We received a phone call from a prospective Home Dog Training client yesterday afternoon.  He had rescued a one year old Beagle from the local Rescue Group about two months ago. He had dogs when he was a child and thought that having a dog now that he was married and had young children of his own would be wonderful for the family.  He thought everything would be great, but he just couldn’t understand what was happening.  He saw how easy it was for his neighbor’s kids to teach their dog commands and obedience, but he couldn’t get his new Beagle to perform any commands.  He wasn’t asking for miracles.  He just wanted to teach his dog to come, but it just wasn’t happening.  The neighbor kids got their dog to come in a day or two.  He thought he was doing everything just like the neighbor kids.  Was it him?  Was it the dog?  Why wasn’t his dog learning his lessons and do something as simple as “Come”?  Does he have the only dog in the world that can’t learn?

Teach your dog slowly and with patience at a point where he has the ability to learn your lesson

First of all, we told him that his dog can absolutely learn stuff.  After training thousands of dogs, Robin and I assured him that all dogs can “learn stuff”.  The problem often is that our clients just don’t understand how to teach their dog stuff.  We continued our discussion…

Some dogs are smarter and better focused than others.  All dogs enter the “learning experience” with different backgrounds and temperaments.  There can also be a “manufactured lack of focus” between the owner and dog based on miscommunication.  Dogs talk “dog” and humans talk “human”.  The differences between our language and our dog’s language often causes confusion and lack of focus.

On the first day of teaching your dog, you must establish where he has the ability to learn and where you have the ability to teach.  You must find the “learning horizon” that defines the transition of where your dog is “getting it” to where he is “not getting it”.  This is where the teaching experience commences.  This is very similar to our childhood math class where we could understand short division but couldn’t do long division.  Our teacher’s next lesson would focus on the first step of long division with the understanding that we understood short division.  

The best way to illustrate the learning experience is through a real life example.  Since our prospective client was focused on the Come command, I will use that as my teaching example.  Let’s walk through the process:

You first have to establish if your dog understands the command at all.  What is his initial ability to learn and master the command?  Once you establish this point of reference, your teaching lesson can be established and you can successfully complete the educational process.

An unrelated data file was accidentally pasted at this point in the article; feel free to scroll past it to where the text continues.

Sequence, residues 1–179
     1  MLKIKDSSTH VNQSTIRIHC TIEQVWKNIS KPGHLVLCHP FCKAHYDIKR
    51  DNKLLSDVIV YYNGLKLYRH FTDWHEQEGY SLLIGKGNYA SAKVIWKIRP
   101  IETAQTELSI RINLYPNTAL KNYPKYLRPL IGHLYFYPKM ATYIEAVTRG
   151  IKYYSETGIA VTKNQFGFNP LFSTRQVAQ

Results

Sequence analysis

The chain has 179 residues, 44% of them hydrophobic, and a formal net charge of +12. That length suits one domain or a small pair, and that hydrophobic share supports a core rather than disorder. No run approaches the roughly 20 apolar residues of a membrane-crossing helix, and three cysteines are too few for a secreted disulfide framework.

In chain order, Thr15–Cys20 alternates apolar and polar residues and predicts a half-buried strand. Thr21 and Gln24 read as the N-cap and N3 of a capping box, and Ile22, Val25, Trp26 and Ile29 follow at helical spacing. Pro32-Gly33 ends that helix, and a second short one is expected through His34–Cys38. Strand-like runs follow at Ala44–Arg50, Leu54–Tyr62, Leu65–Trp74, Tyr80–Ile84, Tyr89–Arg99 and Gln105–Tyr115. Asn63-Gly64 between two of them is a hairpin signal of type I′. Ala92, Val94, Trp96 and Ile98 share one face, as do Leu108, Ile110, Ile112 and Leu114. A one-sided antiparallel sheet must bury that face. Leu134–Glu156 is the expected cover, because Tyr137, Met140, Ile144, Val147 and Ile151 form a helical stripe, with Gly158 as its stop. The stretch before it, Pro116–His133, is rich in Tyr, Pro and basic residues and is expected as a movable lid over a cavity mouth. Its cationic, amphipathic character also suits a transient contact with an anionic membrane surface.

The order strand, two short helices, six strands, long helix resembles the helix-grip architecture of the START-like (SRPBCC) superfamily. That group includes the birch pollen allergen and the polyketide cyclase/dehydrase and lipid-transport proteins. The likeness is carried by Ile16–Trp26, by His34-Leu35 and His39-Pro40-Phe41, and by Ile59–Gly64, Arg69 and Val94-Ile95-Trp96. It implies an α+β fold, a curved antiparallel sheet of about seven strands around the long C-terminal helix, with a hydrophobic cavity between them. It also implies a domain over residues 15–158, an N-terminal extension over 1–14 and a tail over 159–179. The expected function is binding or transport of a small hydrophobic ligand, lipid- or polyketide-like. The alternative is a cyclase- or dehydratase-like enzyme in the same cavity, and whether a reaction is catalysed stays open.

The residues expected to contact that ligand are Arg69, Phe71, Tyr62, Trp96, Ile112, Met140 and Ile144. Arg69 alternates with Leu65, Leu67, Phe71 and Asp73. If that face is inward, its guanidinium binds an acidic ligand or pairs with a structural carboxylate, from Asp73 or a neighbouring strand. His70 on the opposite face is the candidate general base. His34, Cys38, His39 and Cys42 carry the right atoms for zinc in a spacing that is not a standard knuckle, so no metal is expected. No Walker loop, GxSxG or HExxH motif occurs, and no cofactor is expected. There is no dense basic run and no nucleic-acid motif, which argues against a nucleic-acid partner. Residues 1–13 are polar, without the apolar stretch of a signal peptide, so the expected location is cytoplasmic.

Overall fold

Start the Come lesson by standing about six feet away from your dog. Once you are there, go down low and say “Come”.  Now you observe how he responds.  Let’s say that he doesn’t do a thing and doesn’t move. You give it one more try.  You stoop down and say “Come” and get the same response.  He just sits there and gives you a blank stare or isn’t even paying attention at all. 

You are asking too difficult a question because he does not know the answer.  You need to help him understand the question so he can arrive at correct the answer.

You must now interdict “teaching tools” into the educational process.  To be clear, a “teaching tool” does not “do the exercise for your dog”, but it helps guide your dog to the appropriate outcome.  To put it another way, it helps guide your dog to the final result.

Put a leash on your dog so that you can “show and guide him” (teach him) when you ask him to come from six feet.  Walk around until he is six feet from you, go down low, and tell him to “Come”.  This time I want you to slightly and gently tug the leash towards you.  He will respond by moving towards you.  If he slows or starts to change direction, give the leash a slight tug towards you to reinforce the learning process. When he gets to you, praise him for a job well done.  He could “answer the question” but you needed to help. This is your dog’s current learning horizon.

Keep practicing this until you no longer have to tug on the leash.  This indicates that he gets it and you are ready to extend the “learning horizon”.  Get a longer leash and continue.

Once your discover the place where your dog is able to learn, his ability to grasp the lesson will progress rapidly.  Follow the same mechanics of this process with anything you need to teach your dog. 

Please call Robin or me at (770) 718-7704 or (770) 718-7716 if you need any dog training help.  We are blessed to have been your local dog training professionals for over fifteen years.  We have trained over 5,000 great dogs and loving families and are ready to help you.